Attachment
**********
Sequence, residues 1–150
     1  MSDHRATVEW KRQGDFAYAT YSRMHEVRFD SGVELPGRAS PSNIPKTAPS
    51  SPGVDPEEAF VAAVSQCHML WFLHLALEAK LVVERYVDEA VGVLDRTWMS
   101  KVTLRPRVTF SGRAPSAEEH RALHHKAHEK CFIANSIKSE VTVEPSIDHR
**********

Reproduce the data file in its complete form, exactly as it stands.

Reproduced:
Sequence, residues 1–150
     1  MSDHRATVEW KRQGDFAYAT YSRMHEVRFD SGVELPGRAS PSNIPKTAPS
    51  SPGVDPEEAF VAAVSQCHML WFLHLALEAK LVVERYVDEA VGVLDRTWMS
   101  KVTLRPRVTF SGRAPSAEEH RALHHKAHEK CFIANSIKSE VTVEPSIDHR